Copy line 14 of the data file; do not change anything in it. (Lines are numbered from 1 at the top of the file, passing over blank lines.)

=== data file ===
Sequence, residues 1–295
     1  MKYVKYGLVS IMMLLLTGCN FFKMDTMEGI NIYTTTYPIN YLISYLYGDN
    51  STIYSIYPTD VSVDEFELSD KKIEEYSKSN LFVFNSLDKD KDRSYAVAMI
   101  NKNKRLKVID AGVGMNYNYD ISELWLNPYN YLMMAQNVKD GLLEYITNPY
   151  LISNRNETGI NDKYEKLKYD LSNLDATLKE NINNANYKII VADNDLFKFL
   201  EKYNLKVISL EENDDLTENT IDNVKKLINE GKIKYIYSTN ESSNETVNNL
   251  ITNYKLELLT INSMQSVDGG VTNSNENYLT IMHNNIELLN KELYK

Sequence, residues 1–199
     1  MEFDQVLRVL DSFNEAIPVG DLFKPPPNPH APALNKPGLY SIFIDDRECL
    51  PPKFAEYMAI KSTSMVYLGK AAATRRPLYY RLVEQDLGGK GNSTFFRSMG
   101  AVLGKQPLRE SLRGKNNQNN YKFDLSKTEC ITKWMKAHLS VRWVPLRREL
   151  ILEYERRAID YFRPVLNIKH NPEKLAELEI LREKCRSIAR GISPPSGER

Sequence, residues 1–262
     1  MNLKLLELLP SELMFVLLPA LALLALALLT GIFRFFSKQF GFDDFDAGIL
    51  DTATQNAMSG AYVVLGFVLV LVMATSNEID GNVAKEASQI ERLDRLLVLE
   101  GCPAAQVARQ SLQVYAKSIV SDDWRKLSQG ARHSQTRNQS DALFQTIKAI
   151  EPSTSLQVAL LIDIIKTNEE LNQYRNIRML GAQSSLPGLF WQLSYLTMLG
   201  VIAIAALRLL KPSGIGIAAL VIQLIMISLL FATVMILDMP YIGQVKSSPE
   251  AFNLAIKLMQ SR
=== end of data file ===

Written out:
     1  MNLKLLELLP SELMFVLLPA LALLALALLT GIFRFFSKQF GFDDFDAGIL